Ducati’s first adventure bike: Multistrada Enduro
It has been my good fortune to ride a number of modern Ducati motorcycles. They’re all terrific.
I really like Monsters. I like the Scramblers. I’m dangerously attracted to the hooligan Hyperstradas. I even grudgingly admire the Diavel — even though the sleek, sophisticated cruiser isn’t a bike I’d ever ride.
And the Multistradas? I love them. So it was with serious excitement that I finally threw a leg over a Multistrada Enduro, the Italian company’s long-awaited, much-delayed entry into the growing adventure-bike market.
Ducati is arriving a little late to the big bike adventure market. With the Multistrada 1200 Enduro, it’s attempting to compete with the BMW GS, KTM Adventure and recently arrived Honda Africa Twin motorcycles that already dominate the category.
Like all the Multistradas, the Enduro is a wonder of modern technology. For street riding, it’s hard to beat the 160-horsepower engine, with 100 pound-feet of torque, the slinky suspension, and the standard cruise control, traction control, wheelie control, ABS and riding modes.
It’s super smooth in the corners, and so ready for the open highway. Just aim it for Canada — or Chianti, as I did last summer on a non-Enduro Multi — and go.
Like other Multis, with whom it shares most engine, chassis and suspension characteristics, it’s an all-day rider. I spent hours in the saddle on this bike without becoming weary.
And like those siblings, it presents certain challenges. It has a reported 1.2 inches more ground clearance and suspension travel than the standard Multi, so it sits at a very high 34 inches. That could make starting and stopping in traffic a challenge for anyone under 6 feet.
It produces a lot of engine heat too, which will make slow riding or stopping in traffic a leg-broiling affair.
To make it off-road friendly, Ducati has dressed its Enduro model with tubeless tires — Pirelli Scorpion knobbies are an option and were strapped onto mine — spoked wheels, 2-inch handlebar risers and a center stand.
Ducati has also given the bike a suite of riding modes and blessed the rider with the ability to easily disable ABS and traction control — essential for riding off the pavement. In “Enduro” mode, the 160 horsepower is dropped to a more tractable 100 horsepower.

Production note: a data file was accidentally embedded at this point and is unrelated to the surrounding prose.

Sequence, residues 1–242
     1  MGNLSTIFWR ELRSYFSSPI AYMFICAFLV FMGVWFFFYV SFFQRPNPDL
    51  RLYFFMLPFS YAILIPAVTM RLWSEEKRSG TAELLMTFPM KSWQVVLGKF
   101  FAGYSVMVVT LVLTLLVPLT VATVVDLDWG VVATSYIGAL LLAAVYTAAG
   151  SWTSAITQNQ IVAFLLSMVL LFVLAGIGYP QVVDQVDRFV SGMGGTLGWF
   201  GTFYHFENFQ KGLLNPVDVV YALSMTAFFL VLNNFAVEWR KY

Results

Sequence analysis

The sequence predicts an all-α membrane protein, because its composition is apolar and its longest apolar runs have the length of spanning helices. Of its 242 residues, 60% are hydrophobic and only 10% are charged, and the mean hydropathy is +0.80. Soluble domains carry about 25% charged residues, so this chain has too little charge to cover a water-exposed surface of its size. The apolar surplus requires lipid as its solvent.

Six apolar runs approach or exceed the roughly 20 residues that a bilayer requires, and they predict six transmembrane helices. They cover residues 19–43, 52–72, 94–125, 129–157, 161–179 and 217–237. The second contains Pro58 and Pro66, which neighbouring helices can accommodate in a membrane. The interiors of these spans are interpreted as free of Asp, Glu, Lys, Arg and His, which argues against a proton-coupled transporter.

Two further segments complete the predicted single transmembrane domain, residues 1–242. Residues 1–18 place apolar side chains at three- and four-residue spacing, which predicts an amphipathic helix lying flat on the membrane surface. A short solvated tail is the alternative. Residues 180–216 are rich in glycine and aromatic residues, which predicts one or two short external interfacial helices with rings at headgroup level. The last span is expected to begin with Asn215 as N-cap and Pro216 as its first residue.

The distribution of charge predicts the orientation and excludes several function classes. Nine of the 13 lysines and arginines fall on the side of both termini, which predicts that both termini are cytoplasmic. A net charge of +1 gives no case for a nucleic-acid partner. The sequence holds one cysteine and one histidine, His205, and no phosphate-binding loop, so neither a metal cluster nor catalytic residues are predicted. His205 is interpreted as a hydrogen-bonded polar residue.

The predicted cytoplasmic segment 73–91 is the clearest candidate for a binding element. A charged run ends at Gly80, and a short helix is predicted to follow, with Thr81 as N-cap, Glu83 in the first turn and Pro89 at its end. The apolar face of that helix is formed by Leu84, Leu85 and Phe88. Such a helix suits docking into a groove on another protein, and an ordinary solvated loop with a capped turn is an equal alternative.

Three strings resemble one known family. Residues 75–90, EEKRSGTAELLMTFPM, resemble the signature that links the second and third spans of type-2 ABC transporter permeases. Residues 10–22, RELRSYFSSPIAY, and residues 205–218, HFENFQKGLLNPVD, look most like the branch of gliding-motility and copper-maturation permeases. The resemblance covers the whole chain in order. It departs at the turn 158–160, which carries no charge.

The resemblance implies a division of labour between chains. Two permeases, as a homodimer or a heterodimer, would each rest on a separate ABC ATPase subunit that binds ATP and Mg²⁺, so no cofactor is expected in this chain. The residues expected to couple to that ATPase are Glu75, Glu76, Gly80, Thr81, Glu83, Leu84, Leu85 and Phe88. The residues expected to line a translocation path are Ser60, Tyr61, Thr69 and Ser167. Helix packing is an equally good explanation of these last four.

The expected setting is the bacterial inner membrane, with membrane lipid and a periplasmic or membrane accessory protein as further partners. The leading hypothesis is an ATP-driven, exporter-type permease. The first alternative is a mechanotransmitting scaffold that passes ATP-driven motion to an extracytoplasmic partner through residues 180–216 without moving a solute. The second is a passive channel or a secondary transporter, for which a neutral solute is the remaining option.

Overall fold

I couldn’t wait to get it into the soft stuff. So, I hit the dirt.
That’s where I discovered its limitations. The seat height made maneuvering the Enduro, and stopping on uneven ground, a little challenging. And the bike wears all of its advertised 566 pounds (when fully fueled) up high.
Those things could hinder its off-road abilities, and they do. It’s really superior on the pavement, and quite comfortable on a flat fire road. But in the rough stuff, with elevation changes, the Enduro feels less capable than some of its big-bike adventure rivals. It’s also cloaked in expensive body work that is going to cost a lot to replace when — not if — it goes down in the dirt.
Indeed, a slow-speed tip-over on a ride I attended resulted in a broken brush guard. On most adventure bikes, this would be a minor parts replacement.
But on the Multi Enduro, the brush guard also supports the turn indicator and the front brake fluid reservoir. That minor accident, of a kind that is almost guaranteed to happen to anyone who takes the Enduro off road, made the bike difficult to ride for the rest of the day. The repair will cost a minimum of $75 in parts, and plenty more in labor.
Ducati, like its rivals, offers a line of aftermarket accessories that will protect the adventure bike from certain kinds of misadventures. The Enduro can be dressed up with crash bars, bash plates, and rugged luggage racks and cases.
Even with those aftermarket add-ons, the Enduro may be more of an asphalt adventure bike than an off-road warrior.
And guess what? That may not matter.
Many adventure riders never leave the pavement at all. For the Ducatisti who want to go long-distance adventuring, secure in the knowledge that the equipment is ready for some light off-road duty, there is nothing not to like about this motorcycle — except, maybe, the $21,295 MSRP.
And if that feels too high, wait a bit: Ducati has built and will soon begin selling a 960-cc version of the Multistrada. In stock format, it won’t be as off-road ready as this Enduro, but it will cost under $14,000, and will sit about 1 inch lower.